As I mentioned in an earlier post, I was very excited about my first AlienWare laptop and I was counting down the days as until it arrived. It finally arrived on Wednesday so I took a slightly longer lunch and went back to the house to pick it up (I certainly didn’t want to leave it sitting on the front porch in case a ne’er-do-well decided it looked like it was worth some money).
The device is every bit as powerful as I expected it would be, even with only 8GB of RAM. Yet this brings me to my first gripe about the device. Okay… let’s consider the market for an Alienware laptop… usually a gamer who is all about squeezing as much power out of their laptop as they could possibly accomplish. Odds are, one of those things would be additional RAM. Goodness knows that is one of the things that I wanted to do. If that’s the case… why on earth did Dell make such a dumb choice in RAM placement.
You see… there are two banks of two SODIMM RAM slots on this device. The EASY ones to get to are simply done by taking out the battery, unscrewing the two little screws in the bay and then sliding the back plate off. The OTHER RAM slots require you to do the steps mentioned above as well as remove an additional series of about 8 screws to get the keyboard off, lift it up and disconnect the ZIF connector and slide the keyboard out.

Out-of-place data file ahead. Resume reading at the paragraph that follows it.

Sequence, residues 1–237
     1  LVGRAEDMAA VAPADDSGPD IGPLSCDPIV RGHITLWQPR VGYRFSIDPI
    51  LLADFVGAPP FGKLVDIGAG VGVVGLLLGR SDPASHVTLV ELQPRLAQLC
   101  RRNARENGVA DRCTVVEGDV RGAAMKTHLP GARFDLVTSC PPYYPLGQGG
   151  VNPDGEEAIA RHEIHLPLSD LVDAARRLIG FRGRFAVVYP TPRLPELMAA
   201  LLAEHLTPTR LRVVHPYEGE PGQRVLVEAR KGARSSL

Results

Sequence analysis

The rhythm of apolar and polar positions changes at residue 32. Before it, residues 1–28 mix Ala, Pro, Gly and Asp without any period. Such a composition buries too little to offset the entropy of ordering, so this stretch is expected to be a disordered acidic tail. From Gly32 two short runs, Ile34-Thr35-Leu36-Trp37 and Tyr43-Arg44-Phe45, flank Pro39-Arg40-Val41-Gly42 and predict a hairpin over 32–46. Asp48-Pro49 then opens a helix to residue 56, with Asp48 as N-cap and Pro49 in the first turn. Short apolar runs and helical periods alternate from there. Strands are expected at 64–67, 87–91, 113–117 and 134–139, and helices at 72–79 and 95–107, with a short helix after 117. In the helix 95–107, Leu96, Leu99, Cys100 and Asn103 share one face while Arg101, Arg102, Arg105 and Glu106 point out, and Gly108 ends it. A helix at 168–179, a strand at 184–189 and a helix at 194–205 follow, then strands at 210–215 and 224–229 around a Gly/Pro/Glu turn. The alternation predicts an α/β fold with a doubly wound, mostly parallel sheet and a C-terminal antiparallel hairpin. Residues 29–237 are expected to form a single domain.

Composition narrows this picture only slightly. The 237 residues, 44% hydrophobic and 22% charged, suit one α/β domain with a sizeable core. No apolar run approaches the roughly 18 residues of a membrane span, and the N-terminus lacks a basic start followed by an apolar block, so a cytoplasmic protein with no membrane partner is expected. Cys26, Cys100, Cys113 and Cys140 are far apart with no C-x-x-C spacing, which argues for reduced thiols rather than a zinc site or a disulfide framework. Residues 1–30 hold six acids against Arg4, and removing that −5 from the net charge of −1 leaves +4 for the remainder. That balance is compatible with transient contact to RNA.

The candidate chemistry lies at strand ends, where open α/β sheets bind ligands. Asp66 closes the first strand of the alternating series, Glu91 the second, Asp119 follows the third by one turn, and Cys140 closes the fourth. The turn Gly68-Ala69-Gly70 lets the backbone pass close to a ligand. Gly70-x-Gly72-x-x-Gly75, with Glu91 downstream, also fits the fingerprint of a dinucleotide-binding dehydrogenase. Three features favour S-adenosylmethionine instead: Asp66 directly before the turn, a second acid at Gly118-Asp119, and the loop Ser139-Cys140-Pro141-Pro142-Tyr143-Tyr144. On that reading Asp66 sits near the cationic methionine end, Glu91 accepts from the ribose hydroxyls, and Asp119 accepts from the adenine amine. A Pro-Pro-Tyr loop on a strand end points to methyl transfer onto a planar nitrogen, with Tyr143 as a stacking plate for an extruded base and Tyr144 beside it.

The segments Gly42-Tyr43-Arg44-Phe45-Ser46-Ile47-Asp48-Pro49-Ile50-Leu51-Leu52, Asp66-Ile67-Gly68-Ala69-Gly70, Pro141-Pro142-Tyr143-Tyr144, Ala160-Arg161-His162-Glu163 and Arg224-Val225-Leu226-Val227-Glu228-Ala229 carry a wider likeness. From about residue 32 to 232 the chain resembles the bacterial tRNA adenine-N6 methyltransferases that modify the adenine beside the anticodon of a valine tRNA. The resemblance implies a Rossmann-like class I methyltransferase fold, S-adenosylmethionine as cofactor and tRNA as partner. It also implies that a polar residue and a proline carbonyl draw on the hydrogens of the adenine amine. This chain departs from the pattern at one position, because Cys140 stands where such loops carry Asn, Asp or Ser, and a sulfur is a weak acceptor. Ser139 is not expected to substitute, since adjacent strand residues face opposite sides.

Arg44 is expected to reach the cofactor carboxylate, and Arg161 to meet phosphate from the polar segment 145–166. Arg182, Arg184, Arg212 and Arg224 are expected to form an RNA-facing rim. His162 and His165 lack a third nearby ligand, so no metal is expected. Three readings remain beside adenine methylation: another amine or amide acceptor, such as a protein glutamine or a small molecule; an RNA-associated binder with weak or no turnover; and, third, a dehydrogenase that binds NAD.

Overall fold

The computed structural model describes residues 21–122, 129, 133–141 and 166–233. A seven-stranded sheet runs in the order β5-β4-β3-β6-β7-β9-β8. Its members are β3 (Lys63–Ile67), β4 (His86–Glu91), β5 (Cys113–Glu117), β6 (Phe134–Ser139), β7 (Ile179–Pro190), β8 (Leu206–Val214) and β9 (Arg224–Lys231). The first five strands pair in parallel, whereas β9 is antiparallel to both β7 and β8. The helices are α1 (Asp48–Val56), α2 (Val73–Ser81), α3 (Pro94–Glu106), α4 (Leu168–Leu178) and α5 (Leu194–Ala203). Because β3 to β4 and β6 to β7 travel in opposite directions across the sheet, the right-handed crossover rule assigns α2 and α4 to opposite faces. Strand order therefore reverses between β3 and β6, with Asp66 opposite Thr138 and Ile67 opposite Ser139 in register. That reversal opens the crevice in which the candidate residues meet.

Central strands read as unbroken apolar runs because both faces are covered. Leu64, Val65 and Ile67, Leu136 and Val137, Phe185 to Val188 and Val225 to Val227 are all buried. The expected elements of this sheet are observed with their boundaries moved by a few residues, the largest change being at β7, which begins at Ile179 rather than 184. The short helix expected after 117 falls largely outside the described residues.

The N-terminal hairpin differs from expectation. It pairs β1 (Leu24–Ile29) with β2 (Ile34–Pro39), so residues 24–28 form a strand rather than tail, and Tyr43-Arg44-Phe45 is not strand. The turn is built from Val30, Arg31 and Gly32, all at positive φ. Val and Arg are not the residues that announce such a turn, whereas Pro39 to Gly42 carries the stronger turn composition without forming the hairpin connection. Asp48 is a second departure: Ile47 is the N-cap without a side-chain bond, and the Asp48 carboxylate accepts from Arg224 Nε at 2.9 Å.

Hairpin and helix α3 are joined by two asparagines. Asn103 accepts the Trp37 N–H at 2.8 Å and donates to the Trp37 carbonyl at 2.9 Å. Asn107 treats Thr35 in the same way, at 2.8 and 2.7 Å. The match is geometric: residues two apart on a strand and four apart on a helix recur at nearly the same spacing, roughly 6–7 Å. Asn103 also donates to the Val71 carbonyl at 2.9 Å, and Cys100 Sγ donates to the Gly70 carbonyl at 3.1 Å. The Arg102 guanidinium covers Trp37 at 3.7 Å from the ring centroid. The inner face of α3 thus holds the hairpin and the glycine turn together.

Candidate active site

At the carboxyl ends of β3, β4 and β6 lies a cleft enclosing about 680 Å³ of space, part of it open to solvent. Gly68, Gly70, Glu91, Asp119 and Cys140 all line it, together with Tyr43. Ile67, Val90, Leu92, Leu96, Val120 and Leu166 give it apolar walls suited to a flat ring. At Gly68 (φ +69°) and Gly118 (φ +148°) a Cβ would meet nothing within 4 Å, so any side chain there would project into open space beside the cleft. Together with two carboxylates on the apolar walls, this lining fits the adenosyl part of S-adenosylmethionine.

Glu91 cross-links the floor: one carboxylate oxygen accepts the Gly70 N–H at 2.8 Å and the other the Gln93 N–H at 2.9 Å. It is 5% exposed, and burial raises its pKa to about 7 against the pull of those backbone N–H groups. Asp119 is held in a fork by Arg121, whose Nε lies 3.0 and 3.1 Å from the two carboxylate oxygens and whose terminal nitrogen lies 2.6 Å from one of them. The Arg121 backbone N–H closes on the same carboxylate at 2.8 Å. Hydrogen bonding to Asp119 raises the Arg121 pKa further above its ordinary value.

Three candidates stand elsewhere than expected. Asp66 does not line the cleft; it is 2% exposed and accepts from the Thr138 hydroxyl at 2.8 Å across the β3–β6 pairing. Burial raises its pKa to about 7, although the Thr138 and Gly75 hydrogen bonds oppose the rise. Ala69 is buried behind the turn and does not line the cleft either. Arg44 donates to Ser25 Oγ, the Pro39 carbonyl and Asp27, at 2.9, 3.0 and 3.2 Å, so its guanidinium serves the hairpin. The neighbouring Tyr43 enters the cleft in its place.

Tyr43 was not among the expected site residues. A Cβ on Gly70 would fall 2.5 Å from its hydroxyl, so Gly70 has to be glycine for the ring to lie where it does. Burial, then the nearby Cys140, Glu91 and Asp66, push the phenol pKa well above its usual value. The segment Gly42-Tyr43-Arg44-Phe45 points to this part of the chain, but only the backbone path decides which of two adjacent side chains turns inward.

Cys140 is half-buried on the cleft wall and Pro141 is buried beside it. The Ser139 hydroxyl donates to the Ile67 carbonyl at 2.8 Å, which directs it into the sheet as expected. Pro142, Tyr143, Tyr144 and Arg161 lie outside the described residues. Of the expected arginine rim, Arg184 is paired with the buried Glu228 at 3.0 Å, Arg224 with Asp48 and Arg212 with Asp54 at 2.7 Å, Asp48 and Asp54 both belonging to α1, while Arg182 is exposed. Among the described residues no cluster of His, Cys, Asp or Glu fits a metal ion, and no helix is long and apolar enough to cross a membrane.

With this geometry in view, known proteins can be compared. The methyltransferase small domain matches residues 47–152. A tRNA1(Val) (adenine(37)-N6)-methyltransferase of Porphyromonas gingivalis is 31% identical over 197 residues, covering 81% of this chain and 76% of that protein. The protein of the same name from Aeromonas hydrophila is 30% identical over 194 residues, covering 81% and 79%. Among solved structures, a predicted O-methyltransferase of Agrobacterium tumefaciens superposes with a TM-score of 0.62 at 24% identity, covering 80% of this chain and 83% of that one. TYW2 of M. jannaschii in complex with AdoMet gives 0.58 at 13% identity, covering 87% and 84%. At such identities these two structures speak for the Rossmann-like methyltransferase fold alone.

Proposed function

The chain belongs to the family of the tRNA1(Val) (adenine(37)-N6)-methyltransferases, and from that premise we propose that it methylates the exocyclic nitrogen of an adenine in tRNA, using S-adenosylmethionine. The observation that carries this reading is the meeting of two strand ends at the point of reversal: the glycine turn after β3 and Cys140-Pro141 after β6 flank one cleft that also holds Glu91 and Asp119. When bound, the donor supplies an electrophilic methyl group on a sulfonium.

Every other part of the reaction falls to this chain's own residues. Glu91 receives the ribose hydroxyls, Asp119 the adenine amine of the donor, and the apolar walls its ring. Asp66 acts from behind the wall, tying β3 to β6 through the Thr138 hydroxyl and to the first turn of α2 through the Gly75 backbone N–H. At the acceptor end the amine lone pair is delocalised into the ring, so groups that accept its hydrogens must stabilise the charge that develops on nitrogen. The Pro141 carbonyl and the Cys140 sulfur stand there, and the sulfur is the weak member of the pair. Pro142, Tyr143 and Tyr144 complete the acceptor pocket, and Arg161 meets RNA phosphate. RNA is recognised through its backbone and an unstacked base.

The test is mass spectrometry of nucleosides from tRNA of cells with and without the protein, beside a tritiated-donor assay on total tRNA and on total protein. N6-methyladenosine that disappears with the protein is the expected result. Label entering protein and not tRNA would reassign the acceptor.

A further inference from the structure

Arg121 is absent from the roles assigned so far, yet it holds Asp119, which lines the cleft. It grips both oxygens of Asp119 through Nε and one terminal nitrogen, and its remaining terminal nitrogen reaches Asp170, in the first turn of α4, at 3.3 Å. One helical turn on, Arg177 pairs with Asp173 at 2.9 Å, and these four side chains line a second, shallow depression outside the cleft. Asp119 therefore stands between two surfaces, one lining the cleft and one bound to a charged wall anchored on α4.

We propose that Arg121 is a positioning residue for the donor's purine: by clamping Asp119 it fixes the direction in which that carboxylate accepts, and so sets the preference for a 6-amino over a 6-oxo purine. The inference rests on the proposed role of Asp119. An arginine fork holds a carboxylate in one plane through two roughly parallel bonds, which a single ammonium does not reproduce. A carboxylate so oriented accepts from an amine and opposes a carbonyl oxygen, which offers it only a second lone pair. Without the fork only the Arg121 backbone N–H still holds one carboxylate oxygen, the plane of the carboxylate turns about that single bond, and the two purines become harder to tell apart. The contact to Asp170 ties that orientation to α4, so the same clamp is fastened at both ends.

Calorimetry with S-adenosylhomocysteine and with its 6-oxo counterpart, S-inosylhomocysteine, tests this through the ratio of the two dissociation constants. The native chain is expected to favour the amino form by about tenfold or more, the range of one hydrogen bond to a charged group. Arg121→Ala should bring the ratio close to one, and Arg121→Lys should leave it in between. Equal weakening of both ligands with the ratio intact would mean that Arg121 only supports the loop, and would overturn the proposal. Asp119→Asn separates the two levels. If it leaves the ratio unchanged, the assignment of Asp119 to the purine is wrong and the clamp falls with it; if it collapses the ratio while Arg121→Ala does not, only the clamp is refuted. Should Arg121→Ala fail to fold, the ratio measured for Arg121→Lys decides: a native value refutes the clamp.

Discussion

Here’s your pop quiz… WHERE would you install the stock RAM on a device like this? Knowing full well that the tech buying it would likely add more RAM? Of course it is extremely logical to put the stock RAM in the EASY area so that when a gamer with a penchant for upgrading hardware wanted to add more he could… Okay. That’s right it’s NOT logical! Why on earth would you do something so ridiculous? I have no idea why but that is EXACTLY what Dell did on my device. I was expecting that I could simply add the extra RAM in the easy to reach section of the computer and all would be well. Looks like I was wrong.
Other than this obvious logical misstep in placement, I am relatively pleased with the laptop so far. Now if I can just finish this 10-12 page paper for my cyber-security class, I might actually be able to play some games on my laptop!